What is aerogel?
Aerogel is created by combining a polymer with a solvent to form a gel, and then removing the liquid from the gel and replacing it with gas (usually air). The high air content (99.98% air by volume) makes it one of the world's lightest solid material. Aerogels can be made from a variety of chemical compounds, and are a diverse class of materials with unique properties. They are known as excellent insulators, and usually have low density and low thermal conductivity.
Aerogels can be used in various applications, and although they have been around since the 1930s, their development is still progressing (for example, NASA's Glenn Research Center in Cleveland has invented several groundbreaking methods of creating new types of aerogels).
Common applications include enhancing the thermal performance of energy-saving materials and sustainable products for buildings, acting as a high performance additive to coatings, prevention of corrosion under insulation, uses in imaging devices, optics, and light guides, thermal breaks and condensation control, architectural lighting panels, outdoor and sports gear and clothing, and more.
Graphene aerogel, also known as aerographene, is considered to be the least dense solid in existence (graphene aerogels are light enough to be balanced on small plants!).
Graphene aerogels are quite elastic and can easily retain their original form after some compression. In addition, the low density of graphene aerogels makes them very absorbent (to the point where it can even absorb more than 850 times its own weight). This means that it could be useful for environmental clean-ups like oil spills, and the aerogels only need to be picked up later after absorbing the spilled material. Graphene aerogel may also have some applications in both the storage and the transfer of energy by enabling the creation of lighter, higher-energy-density batteries - and vigorous research is being done on the matter.
Graphene aerogel are somewhat similar to graphene foams. Graphene foams are usually made by CVD growth on a metal structure (which is later removed), and are so more conductive than graphene aerogels.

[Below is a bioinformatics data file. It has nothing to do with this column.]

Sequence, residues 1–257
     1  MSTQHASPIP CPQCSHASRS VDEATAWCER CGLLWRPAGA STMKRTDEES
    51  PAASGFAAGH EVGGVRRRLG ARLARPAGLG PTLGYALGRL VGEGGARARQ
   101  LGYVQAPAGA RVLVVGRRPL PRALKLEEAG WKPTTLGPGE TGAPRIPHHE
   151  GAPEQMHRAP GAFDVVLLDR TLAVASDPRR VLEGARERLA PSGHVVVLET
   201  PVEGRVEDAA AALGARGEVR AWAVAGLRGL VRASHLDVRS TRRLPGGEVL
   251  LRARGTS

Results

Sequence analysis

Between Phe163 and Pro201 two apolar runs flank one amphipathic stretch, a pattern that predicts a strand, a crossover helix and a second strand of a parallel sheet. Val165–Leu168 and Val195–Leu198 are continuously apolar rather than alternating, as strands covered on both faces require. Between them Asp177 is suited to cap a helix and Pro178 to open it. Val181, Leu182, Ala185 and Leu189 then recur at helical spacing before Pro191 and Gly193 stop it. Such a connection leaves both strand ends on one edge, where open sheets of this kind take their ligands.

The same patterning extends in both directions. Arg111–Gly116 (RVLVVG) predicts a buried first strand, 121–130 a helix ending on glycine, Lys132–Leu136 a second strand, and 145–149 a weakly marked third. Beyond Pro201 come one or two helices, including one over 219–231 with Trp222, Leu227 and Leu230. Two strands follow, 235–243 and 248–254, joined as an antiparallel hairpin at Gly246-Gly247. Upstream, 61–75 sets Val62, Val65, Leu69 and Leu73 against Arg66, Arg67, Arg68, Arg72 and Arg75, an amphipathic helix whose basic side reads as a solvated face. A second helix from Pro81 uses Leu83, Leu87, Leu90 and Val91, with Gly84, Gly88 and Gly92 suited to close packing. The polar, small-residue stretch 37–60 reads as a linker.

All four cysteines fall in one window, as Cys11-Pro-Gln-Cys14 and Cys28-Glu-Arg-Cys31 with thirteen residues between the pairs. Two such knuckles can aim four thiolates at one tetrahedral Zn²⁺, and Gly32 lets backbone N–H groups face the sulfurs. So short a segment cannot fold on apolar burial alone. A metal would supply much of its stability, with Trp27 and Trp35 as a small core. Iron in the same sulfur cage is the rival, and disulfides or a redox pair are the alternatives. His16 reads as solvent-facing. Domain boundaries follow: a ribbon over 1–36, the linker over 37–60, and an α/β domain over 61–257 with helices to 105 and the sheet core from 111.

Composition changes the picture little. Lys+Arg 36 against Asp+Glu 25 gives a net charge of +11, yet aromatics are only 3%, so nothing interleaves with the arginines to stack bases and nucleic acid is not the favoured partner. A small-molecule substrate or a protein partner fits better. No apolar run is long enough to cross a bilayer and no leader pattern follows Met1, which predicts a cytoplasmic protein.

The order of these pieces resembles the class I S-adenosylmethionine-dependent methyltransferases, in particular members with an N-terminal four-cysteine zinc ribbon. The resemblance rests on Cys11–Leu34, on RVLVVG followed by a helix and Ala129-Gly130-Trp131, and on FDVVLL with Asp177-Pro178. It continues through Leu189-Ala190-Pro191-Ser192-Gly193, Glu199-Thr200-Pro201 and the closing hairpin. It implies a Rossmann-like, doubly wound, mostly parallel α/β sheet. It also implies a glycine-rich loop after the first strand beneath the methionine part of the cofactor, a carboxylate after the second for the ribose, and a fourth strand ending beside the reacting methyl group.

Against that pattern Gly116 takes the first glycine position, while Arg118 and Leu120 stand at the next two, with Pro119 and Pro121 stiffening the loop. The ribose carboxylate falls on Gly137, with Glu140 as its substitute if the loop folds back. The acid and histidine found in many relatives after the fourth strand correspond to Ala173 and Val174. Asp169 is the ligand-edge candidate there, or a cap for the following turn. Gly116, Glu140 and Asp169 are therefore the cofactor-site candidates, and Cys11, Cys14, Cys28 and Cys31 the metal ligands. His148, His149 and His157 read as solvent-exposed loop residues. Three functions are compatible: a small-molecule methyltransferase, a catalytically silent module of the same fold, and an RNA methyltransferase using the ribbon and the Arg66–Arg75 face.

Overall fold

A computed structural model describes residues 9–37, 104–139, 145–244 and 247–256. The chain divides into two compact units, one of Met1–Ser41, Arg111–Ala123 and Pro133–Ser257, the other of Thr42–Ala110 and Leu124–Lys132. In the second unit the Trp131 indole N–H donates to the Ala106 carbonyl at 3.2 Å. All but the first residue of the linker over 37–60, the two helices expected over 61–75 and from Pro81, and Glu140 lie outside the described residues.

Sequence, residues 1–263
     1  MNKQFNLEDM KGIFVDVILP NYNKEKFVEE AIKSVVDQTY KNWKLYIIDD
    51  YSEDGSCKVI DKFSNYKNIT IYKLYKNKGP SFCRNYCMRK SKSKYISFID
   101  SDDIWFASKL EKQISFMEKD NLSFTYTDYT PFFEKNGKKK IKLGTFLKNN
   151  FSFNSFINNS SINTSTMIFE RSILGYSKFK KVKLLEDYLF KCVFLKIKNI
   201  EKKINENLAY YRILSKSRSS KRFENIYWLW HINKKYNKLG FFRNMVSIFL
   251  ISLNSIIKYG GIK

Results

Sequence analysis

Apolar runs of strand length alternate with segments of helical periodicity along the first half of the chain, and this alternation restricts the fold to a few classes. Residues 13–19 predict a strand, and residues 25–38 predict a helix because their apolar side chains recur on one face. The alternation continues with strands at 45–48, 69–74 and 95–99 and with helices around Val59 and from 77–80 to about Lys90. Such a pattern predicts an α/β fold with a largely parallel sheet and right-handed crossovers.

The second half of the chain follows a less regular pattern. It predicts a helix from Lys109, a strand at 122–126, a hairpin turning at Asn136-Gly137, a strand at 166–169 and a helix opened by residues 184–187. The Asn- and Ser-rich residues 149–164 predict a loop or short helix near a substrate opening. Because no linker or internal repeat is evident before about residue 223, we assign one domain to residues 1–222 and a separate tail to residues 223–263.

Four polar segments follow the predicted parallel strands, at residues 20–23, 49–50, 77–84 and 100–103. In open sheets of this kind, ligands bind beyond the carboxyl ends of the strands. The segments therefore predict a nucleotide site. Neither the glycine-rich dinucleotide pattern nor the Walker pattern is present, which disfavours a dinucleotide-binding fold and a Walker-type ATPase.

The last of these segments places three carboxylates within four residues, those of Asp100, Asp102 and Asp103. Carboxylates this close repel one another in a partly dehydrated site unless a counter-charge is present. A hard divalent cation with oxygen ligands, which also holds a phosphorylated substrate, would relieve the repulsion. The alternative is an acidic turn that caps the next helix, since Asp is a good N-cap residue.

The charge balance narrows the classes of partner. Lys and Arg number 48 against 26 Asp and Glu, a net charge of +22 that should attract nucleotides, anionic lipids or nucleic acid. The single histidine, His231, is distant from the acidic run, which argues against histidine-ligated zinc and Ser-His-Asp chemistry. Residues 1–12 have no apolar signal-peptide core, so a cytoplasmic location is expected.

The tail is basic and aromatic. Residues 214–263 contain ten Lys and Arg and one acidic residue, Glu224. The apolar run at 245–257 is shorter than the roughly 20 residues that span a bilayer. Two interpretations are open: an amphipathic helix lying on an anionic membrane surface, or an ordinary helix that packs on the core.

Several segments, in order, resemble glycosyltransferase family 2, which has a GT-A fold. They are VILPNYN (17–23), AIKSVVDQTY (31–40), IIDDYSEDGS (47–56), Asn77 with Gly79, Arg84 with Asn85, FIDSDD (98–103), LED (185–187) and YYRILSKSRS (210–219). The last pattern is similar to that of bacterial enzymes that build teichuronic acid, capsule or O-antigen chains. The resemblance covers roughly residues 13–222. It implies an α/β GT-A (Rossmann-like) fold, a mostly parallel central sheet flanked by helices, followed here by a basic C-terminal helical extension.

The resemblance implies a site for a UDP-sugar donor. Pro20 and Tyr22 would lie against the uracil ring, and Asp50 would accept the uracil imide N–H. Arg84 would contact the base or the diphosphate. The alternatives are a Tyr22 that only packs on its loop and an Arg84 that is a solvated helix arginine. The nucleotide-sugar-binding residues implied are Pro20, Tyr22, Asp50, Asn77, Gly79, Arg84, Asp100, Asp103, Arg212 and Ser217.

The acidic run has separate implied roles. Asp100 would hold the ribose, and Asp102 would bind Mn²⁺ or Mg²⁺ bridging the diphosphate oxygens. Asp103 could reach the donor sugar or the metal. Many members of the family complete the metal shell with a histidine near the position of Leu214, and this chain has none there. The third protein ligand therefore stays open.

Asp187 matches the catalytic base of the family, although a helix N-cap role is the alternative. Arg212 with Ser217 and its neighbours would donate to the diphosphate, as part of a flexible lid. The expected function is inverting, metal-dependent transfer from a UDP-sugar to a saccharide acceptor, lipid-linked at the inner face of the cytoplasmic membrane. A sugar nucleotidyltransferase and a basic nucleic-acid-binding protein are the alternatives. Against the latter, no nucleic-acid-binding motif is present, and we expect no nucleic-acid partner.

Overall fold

Graphene aerogels are already being sold commercially, for about about $300 per gram.
The latest Graphene Aerogel news:
Imagine Intelligent Materials and Swinburne University have announced a collaborative six-month project aiming to develop graphene-reinforced smart composites. The composite will be able to report on the condition of large structures, and will have major commercial potential in the transport sector, including automotive and aerospace.
The project is supported by a $20,000 Seed grant from the university under a program, targeting “interdisciplinary projects that are aligned with the Swinburne research institutes’ external partnership and collaboration objectives”. It will combine expertise from experts in sensors, electronics engineering and aerospace manufacturing at the university.
A collaboration work by Purdue, the Chinese Lanzhou University and Harbin Institute of Technology, and the U.S. Air Force Research Laboratory has yielded a lightweight, flame-resistant and super-elastic composite shown to combine high strength with electrical conductivity and thermal insulation, suggesting potential applications from buildings to aerospace.